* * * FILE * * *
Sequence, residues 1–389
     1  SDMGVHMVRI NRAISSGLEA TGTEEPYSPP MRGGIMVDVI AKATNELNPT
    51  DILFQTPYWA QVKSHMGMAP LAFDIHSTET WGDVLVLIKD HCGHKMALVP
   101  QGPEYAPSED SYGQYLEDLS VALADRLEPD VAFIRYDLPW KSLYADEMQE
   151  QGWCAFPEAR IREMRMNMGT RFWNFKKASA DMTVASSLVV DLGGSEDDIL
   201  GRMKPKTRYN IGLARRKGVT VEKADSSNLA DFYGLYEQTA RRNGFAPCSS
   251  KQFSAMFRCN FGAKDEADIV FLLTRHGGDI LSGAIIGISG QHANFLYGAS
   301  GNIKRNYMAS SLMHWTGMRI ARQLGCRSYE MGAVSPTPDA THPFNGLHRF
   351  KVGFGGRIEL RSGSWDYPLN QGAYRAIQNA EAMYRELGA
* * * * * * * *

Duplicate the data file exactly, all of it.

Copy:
Sequence, residues 1–389
     1  SDMGVHMVRI NRAISSGLEA TGTEEPYSPP MRGGIMVDVI AKATNELNPT
    51  DILFQTPYWA QVKSHMGMAP LAFDIHSTET WGDVLVLIKD HCGHKMALVP
   101  QGPEYAPSED SYGQYLEDLS VALADRLEPD VAFIRYDLPW KSLYADEMQE
   151  QGWCAFPEAR IREMRMNMGT RFWNFKKASA DMTVASSLVV DLGGSEDDIL
   201  GRMKPKTRYN IGLARRKGVT VEKADSSNLA DFYGLYEQTA RRNGFAPCSS
   251  KQFSAMFRCN FGAKDEADIV FLLTRHGGDI LSGAIIGISG QHANFLYGAS
   301  GNIKRNYMAS SLMHWTGMRI ARQLGCRSYE MGAVSPTPDA THPFNGLHRF
   351  KVGFGGRIEL RSGSWDYPLN QGAYRAIQNA EAMYRELGA